4. Concourses

Mount signage displaying fan code of conduct and text communication information throughout your concourses and every concession point. This makes the fan code of conduct clear to fans – it makes it real.
No one likes it when they lose something and the time it can take to report a lost item can feel like salt in a wound. Implement a lost and found solution letting your guests report their lost items directly at your guest services locations. This is an inexpensive way to enhance guest experience and build guest loyalty.
Signage displayed in the concourses also act as a deterrent for intoxicated persons. If they’re not in the right state of mind, clear signage might help put them back in line.
Use your analytics to understand point of sale metrics to best determine your staffing needs against the fan base for specific areas in the stadium.

Take note – Fan demographics change according to the size and type of event. That being said, so will your staffing needs!
5. Bowl Entry

All ushers need to be at their post and ready to WOW your fans. It’s game time!
It’s important to have all ushers trained on hotspots and protocols.
Train staff on how to effectively communicate incidents occurring to the command post.
Always mount signage that displays your fan code of conduct and text communication information – make it prominent upon entry into the stadium bowl.

6. The Bowl

Communicate to your fans on a large scale! Deliver light-hearted public service announcements (PSA) at specific times during the game explaining your fan code of conduct and ways to communicate with staff in the event of an incident.

Here’s an example: During a football game, an effective time would be during the first timeout of the first quarter and right before the second half begins. This will ensure the largest audience for the announcements.

Prominently display visible static signage throughout the bowl inclusive of fan code of conduct and text communication information. That way, when you’re not on the loud speaker everyone knows you’re still in control and focused on their safety at all times.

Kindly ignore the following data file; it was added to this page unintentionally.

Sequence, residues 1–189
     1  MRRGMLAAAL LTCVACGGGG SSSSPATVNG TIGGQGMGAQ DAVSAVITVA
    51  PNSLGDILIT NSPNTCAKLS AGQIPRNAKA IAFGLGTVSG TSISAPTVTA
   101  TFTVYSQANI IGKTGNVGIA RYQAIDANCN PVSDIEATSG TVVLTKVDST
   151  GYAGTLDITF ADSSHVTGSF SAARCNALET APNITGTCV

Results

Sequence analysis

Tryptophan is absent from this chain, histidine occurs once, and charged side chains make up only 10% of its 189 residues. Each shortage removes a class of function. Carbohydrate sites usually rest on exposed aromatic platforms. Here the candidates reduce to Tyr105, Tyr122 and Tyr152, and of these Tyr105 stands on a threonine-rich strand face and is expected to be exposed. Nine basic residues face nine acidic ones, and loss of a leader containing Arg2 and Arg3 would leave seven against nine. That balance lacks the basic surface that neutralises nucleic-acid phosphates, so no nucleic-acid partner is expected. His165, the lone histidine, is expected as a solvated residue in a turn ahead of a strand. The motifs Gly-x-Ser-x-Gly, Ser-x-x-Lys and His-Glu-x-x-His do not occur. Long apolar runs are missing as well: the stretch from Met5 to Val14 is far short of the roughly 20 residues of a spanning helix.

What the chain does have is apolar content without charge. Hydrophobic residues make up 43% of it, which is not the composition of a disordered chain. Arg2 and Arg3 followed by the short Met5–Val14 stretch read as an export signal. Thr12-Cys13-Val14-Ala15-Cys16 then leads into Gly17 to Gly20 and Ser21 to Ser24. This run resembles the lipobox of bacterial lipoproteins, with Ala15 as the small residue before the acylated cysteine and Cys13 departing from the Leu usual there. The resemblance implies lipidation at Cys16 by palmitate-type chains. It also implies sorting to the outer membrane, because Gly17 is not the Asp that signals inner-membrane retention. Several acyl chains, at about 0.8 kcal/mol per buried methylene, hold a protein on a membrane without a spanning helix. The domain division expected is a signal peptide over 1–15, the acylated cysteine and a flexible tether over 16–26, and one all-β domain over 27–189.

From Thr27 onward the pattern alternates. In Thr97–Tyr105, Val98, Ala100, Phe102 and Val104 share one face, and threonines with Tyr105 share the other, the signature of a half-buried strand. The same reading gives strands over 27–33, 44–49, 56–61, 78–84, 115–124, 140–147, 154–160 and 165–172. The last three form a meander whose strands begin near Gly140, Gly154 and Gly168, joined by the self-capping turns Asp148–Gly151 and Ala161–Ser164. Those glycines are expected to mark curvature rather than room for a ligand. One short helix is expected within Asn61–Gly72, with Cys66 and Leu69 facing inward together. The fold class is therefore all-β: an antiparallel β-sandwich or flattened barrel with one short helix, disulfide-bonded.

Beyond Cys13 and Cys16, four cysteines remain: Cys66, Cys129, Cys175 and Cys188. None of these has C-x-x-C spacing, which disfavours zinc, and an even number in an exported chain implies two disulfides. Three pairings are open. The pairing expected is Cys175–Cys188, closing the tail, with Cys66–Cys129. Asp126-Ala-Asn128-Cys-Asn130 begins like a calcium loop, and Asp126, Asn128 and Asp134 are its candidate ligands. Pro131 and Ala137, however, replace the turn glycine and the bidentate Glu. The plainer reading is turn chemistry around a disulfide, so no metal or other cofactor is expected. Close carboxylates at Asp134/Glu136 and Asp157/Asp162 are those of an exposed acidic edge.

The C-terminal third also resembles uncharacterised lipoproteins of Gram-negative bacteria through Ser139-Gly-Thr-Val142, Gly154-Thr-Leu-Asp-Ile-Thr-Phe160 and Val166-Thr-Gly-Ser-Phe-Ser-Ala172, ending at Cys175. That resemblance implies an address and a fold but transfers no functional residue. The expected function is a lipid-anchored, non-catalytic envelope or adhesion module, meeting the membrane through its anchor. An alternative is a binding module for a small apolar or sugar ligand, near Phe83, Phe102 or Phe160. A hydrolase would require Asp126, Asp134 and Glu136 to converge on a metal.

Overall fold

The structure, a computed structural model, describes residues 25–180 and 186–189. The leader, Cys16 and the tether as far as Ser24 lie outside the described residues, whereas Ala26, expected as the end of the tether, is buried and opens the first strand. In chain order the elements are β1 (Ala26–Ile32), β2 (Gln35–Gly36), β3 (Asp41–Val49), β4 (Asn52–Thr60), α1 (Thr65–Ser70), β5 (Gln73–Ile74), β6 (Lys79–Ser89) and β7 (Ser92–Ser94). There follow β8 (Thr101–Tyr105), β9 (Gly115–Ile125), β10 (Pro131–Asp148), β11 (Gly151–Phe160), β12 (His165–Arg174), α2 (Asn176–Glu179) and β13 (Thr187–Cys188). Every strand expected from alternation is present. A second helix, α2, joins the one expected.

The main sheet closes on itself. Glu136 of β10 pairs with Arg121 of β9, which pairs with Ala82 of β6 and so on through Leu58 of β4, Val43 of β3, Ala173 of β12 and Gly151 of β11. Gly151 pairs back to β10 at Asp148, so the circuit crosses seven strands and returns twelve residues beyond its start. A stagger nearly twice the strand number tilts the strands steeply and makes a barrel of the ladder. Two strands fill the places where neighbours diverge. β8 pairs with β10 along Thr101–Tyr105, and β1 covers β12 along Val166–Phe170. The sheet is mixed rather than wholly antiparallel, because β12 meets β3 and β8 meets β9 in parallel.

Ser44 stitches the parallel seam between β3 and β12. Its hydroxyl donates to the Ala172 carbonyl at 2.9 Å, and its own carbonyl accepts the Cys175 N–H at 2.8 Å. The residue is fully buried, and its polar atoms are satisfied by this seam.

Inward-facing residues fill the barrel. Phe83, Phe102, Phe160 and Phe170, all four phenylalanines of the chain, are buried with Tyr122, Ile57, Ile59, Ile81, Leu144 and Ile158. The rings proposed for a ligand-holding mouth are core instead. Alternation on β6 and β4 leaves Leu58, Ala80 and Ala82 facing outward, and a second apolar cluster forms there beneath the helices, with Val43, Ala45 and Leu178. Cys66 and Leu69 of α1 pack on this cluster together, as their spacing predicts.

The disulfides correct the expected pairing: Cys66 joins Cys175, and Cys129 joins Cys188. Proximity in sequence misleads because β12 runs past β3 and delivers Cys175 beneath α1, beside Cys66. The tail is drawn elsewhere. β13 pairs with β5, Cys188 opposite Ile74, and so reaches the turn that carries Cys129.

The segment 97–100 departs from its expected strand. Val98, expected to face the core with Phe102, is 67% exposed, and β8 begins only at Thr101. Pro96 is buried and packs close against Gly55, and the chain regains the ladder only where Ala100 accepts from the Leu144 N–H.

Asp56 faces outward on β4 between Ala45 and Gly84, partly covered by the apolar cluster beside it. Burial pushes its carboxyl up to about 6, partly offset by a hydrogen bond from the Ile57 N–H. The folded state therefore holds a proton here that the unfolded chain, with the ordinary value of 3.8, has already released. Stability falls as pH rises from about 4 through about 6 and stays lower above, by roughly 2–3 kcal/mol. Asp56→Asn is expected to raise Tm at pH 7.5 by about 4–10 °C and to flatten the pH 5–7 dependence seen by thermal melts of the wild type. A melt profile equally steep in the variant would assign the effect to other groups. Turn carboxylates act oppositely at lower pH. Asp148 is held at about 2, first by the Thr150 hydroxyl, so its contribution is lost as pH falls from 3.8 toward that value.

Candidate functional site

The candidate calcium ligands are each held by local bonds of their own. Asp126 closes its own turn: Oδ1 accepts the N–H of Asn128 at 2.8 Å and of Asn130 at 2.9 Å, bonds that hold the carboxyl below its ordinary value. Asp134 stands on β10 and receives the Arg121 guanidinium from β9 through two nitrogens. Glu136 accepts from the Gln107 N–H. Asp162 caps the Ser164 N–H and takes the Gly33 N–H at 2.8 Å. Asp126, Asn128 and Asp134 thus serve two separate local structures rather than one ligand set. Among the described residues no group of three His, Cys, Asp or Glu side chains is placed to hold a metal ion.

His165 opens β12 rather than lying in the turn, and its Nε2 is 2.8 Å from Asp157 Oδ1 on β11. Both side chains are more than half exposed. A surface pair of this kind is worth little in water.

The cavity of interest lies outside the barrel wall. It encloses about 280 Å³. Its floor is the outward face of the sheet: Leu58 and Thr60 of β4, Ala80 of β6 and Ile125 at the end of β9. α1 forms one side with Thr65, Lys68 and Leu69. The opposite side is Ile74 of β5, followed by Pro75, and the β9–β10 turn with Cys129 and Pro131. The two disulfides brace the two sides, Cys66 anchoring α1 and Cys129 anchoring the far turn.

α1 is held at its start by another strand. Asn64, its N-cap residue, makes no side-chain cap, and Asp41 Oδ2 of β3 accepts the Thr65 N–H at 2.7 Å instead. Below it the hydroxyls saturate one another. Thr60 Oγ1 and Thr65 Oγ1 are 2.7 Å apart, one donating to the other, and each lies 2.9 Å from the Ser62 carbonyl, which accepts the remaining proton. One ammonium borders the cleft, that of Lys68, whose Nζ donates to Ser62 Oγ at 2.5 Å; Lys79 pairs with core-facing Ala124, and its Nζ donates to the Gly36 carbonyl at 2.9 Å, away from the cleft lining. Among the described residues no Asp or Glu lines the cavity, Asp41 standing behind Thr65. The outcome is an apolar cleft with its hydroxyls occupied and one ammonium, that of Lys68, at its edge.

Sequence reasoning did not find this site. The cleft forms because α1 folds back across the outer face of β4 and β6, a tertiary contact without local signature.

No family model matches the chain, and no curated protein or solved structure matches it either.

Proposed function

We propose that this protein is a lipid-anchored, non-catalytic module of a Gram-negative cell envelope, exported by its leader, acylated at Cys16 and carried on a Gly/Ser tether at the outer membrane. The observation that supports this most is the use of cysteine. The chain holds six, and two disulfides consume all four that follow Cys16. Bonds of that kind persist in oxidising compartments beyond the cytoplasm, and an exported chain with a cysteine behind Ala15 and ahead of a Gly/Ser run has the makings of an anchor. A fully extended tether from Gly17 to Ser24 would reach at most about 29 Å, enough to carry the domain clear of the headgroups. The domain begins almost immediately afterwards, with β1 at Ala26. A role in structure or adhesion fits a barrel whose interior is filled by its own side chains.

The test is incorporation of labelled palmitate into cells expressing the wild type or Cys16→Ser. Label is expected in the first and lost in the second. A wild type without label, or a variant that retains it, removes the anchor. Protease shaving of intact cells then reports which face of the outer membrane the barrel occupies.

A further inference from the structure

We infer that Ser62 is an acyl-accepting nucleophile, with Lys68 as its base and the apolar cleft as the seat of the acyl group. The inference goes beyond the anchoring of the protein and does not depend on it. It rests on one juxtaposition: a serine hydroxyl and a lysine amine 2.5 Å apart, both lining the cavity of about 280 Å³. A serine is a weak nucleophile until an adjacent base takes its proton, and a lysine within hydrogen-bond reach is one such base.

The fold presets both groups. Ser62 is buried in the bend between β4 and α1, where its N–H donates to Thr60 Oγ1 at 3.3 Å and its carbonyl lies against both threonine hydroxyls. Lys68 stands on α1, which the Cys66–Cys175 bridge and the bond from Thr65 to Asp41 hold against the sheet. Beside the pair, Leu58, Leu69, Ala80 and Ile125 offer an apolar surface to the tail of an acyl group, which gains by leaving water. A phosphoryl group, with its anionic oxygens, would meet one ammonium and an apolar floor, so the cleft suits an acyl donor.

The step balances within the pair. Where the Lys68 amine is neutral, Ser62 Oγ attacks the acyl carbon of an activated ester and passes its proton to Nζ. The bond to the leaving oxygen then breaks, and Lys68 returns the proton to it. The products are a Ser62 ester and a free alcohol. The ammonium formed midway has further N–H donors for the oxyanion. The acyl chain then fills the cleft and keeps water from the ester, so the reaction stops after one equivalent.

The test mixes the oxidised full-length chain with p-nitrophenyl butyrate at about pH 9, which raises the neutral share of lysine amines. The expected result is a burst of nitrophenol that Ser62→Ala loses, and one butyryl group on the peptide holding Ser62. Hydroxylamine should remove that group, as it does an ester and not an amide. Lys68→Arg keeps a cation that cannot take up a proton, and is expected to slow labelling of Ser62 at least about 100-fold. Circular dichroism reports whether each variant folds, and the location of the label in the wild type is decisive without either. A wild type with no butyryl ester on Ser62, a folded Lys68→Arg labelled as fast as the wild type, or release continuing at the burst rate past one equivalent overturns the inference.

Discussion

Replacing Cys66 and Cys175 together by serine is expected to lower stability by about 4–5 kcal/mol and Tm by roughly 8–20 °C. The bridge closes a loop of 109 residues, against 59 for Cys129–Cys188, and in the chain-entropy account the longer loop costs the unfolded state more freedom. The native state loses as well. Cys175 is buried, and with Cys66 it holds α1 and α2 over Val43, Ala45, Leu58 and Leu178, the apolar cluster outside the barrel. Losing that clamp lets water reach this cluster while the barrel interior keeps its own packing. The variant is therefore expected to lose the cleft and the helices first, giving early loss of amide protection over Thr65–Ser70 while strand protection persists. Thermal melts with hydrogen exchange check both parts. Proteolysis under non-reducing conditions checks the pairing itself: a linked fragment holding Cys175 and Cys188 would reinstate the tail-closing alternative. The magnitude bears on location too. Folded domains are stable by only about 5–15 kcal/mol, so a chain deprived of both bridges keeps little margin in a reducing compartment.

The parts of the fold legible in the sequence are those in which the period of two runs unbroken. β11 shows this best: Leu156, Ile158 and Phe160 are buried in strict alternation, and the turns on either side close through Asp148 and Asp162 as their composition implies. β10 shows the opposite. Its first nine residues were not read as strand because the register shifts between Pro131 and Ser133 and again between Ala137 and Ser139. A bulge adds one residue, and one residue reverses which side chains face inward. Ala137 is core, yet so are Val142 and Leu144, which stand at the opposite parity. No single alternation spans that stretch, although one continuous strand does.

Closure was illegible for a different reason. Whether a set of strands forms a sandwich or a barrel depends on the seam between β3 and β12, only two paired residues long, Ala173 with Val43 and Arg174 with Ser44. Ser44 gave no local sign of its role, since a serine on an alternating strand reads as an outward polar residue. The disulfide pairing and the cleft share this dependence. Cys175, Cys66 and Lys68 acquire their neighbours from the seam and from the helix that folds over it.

Being able to exceed fan expectations is a key ingredient to a successful game day. Implement a guest request tracker to increase staff efficiency and enhance performance. Never overlook a wheelchair request again.

7. Stadium Exit

Re-deploy your rapid response team to the parking lot anywhere from 10 minutes before the end of game to the end of game, depending on activity in the bowl.
Re-deploy your police force to the parking lot complete with patrol cars and lights flashing. Along with officers on foot. This is a useful deterrent for potential hazards. And it provides assurance to your fans they will experience a safe and smooth exit from the stadium property.
Oh and by the way, let your fans report lost items to the lost and found manager through your website if they missed guest services in the concourses.

8. Parking Exodus

The party’s over, but that doesn’t mean guest services stops! Your ushers should be waving good-bye and thanking your guests for attending the event.
Use variable message (VM) boards with thank you messages to supplement your staff’s sendoff.
Depending on the location of your stadium, re-route traffic patterns for easy exit too. It’s one more shot to WOW your guests on game day.

Conclude your guest services efforts and leave a smile on everyone’s face – and your fans wanting more!

Hold your staff accountable for each expectation and all the ways to wow.

Measure their performance on game day. And ensure they deliver professionalism, energy – and most importantly – the friendliness you require to set the tone for a memorable guest services experience.

Copyright 2015 All Rights Reserved
Web Design By MR Web Design